seemingly flexing tension

instances of the appropriation of the cell phone
 

Opening the Razr V3
 

Ever heard about monster packs, flashes, flexes, and seems? Well, all of you carry them around within your cell phone. You are aware, that contemporary cell phones are computers, running applications on operating systems, and possessing a kind of BIOS, the bootloader, “below” the latter? A complex piece of technology, surrounded by interpretive flexibility, open to reworking, to modding.
 

Increased popularity of an item does not only boost its sales numbers, but spawns surrounding cultures and communities once critical mass is reached. The V3 series of Motorola cell phones is extremely popular, the first resulting question being: why? [That’s something you marketing people are interested in as well, huh?] It’s the device’s physical design, I guess, which somehow strikes a chord stemming from the [popular] cultural, or better: cybercultural backdrop in front of which people interact with technology. In the case of the Razr V3 that’s definitely true for me, and, judging from what I have read in forums, for many others, too. But, more often than not, people are not content with owning a piece of technology and using it “as is”. Especially when the item in question is one of crucial everyday use, like the computer or the cell phone, which have central meanings in the lives of many of us. From a certain point on, popularity, which of course correllates with the number of items sold, triggers community and [modding-] culture, and thereby the sociocultural appropriation of the item in question. And there is a very active and productive modding community dealing with the Razr.
 

Appropriation means making something one’s own. The relationship between the thing and its owner is altered. After the modifications my cell phone is not only altered according to my visions in terms of function, but it also looks and feels more appropriate, more matching my personal … identity? At this point there may well arise some conceptual tension between individual and collective identity.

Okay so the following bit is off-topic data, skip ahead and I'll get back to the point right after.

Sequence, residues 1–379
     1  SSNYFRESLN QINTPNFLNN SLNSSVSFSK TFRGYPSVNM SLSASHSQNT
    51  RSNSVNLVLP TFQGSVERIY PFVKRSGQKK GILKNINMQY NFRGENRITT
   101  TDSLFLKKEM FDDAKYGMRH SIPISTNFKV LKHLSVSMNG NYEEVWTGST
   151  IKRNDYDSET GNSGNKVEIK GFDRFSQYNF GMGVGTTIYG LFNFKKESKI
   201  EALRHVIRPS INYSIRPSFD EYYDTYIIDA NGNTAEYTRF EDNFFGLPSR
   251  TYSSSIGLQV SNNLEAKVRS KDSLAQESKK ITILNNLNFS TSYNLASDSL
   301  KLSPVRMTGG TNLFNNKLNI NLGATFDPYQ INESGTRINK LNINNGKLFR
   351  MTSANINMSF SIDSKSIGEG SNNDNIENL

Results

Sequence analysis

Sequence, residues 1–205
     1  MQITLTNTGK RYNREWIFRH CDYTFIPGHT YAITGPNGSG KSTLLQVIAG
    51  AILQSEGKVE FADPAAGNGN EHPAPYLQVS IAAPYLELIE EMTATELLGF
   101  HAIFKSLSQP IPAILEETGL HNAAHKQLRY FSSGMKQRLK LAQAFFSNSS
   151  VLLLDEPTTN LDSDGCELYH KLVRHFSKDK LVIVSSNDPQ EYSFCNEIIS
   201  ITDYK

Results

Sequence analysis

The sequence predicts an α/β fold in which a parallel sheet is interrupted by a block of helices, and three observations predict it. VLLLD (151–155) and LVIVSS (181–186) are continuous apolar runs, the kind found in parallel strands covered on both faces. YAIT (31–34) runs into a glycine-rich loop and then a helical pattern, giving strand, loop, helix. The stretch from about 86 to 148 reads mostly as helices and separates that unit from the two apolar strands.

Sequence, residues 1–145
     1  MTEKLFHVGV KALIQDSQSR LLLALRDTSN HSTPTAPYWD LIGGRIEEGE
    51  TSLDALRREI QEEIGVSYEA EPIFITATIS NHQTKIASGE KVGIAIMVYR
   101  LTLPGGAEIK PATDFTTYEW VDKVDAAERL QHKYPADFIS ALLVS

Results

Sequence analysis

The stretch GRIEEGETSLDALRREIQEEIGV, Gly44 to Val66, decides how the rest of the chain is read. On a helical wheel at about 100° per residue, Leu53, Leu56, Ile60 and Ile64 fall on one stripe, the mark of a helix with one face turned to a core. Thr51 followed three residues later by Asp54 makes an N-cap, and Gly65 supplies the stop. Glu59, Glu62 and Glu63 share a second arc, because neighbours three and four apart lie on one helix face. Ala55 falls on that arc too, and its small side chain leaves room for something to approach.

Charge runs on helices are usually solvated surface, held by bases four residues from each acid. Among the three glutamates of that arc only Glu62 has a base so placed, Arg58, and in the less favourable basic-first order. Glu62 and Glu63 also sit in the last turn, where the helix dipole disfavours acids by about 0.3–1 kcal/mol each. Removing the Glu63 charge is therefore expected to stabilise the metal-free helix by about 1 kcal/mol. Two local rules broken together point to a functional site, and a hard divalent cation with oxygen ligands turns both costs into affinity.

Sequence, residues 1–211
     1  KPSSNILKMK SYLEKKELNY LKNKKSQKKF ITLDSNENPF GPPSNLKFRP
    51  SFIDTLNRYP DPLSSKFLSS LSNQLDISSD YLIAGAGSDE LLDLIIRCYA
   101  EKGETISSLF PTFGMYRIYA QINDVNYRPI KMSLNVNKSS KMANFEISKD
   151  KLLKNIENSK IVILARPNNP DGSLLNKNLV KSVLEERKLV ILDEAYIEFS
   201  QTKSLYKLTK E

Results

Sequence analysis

Because on the one hand I am talking about altering the phone in order to make it meet my individual and subjective vision, on the other hand I am talking about modding communities. Actually there is no contradiction when we move up one level, more abstract: The practice of laying hands on the phone’s innards, of willingly learning more about the technology (from the community), of daring to void not only the warranty, but risking to destroy the phone by plugging it into the computer and driving the tentacles of invasive software into it, makes the individual share the other community members’ practices, vision, and attitude towards technology. Seen that way the modification [itself, and the practice] of my very own cell phone is a social, even communal thing once again.
 

As it is common with all modding communities I know so far, the V3 modding community is very accommodating, friendly, and the redistribution of its cultural production is a collectively shared value. Software and knowledge needed for phone modding is distributed generously online, questions get willingly answered in forums, and direct help is almost instantaneously granted. The same with secondary artefacts, like boot- and shutdown-screens, screensavers, icons, fonts, whole themed skin packs, up to monster packs. All this is distributed, discussed, and collectively worked upon. A quick glance over the vast archives of boot- and shutdown-screens, and screensavers shows that the employed styles are far from random. Quite to the contrary, the whole archives literally ooze with the aesthetics of superheroes, mangas, computergames, and cyberpunk. And here’s a strong nexus with the Razr’s physical design.

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